Could e-books actually get in the way of reading?

That was the question explored in research presented at the annual conference of the American Educational Research Association in Philadelphia. In a study conducted by researchers, middle school students were asked to read either traditional printed books or e-books on iPads. The students’ reading comprehension was higher when they read conventional books.

In a second study looking at students’ use of e-books created with Apple’s reading Author software, researchers discovered young readers often skipped over the text altogether, engaging instead with the books’ interactive visual features.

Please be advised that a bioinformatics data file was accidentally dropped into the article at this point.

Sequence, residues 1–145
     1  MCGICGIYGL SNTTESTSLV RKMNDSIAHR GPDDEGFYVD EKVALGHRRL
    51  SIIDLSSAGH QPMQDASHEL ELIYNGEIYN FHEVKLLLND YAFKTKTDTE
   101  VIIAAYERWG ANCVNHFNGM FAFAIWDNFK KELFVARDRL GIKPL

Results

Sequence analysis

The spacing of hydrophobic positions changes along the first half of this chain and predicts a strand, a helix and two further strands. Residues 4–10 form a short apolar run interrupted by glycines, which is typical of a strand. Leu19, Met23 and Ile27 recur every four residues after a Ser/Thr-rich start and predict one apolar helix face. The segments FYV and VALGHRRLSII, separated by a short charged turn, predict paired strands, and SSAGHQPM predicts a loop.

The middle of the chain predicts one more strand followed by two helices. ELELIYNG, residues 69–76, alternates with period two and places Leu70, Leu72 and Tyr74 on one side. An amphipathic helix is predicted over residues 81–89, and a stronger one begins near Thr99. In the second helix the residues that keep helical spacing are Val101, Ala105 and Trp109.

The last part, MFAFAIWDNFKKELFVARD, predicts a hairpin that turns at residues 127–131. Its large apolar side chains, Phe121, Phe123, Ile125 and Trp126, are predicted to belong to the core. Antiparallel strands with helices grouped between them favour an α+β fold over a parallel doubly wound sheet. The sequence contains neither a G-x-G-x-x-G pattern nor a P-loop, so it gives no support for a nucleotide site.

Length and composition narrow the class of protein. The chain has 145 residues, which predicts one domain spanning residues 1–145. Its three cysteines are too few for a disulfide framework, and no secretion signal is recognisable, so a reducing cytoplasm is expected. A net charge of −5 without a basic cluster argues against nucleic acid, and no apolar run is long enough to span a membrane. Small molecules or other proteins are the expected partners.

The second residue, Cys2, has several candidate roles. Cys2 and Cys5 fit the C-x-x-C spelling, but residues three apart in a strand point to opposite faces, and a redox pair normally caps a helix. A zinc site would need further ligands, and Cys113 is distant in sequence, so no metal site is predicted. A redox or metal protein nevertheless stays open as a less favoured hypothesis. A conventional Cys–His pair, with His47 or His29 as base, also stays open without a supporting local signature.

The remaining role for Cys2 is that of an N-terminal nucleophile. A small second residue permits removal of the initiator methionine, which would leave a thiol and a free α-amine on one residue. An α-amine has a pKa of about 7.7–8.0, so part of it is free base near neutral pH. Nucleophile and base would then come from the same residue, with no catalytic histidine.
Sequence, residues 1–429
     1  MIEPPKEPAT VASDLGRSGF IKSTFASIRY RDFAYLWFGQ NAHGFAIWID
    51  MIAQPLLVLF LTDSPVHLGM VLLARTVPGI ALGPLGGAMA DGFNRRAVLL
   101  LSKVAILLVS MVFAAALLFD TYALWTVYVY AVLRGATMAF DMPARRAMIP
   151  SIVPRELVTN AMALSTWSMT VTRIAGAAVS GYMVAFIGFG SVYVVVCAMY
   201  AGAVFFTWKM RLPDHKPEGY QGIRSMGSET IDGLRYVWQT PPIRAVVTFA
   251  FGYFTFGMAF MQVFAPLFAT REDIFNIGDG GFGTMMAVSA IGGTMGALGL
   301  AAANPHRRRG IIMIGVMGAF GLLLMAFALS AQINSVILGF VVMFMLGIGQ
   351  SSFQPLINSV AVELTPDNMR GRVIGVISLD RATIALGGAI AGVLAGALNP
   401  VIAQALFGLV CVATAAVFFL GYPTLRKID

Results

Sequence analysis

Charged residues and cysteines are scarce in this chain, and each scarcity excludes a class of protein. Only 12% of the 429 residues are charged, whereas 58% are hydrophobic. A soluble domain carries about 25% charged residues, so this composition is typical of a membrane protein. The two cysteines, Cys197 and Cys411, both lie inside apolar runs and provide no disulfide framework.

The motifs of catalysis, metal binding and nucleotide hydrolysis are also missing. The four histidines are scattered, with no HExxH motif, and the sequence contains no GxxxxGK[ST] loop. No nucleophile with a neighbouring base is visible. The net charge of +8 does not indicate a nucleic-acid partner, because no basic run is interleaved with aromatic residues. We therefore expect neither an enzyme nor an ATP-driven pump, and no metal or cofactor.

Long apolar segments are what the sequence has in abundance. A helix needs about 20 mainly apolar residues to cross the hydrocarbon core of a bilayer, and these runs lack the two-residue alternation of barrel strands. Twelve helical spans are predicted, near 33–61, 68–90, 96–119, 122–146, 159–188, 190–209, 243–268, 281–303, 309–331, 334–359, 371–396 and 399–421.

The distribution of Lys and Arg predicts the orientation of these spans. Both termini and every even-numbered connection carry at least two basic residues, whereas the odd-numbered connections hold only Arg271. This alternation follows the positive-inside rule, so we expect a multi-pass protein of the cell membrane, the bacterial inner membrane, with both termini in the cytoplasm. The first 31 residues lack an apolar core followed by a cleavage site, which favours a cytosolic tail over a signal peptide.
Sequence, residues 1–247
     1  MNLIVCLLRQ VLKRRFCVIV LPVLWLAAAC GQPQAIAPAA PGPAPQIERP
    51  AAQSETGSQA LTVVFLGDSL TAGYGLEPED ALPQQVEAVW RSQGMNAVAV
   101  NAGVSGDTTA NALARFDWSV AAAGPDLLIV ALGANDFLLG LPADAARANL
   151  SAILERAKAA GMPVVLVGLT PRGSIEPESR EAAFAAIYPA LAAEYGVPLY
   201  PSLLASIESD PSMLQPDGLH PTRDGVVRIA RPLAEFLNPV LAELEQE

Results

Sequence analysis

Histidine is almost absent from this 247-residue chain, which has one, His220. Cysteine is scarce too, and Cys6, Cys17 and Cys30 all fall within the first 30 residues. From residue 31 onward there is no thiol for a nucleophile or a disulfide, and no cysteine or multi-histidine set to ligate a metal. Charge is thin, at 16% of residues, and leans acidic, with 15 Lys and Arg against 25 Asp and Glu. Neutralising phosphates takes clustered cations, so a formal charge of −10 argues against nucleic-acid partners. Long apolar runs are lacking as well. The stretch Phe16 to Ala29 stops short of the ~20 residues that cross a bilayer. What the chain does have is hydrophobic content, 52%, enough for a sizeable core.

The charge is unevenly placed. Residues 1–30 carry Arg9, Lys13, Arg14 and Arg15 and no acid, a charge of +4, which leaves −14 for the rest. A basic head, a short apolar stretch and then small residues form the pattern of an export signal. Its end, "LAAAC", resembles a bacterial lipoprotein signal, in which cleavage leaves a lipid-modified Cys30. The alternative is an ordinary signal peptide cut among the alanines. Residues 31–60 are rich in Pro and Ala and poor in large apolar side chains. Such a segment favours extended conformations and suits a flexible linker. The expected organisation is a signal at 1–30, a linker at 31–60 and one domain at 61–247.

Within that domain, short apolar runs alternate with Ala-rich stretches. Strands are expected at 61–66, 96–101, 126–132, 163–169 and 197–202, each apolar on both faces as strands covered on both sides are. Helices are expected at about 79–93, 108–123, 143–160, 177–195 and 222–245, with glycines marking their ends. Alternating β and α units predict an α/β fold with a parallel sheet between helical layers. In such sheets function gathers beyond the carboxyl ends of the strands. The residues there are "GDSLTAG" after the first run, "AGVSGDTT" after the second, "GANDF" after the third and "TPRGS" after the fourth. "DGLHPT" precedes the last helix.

While their findings are preliminary and based on small samples of students, it seems the “richness” of e-books multimedia environment may overwhelm children’s limited working memory, leading them to lose the thread of the narrative or to process the meaning of the story less deeply.

Research shows kids often read e-books with minimal adult involvement. While one may assume interactive e-books can entertain and educate children by themselves, adult involvement is crucial to the learning process.


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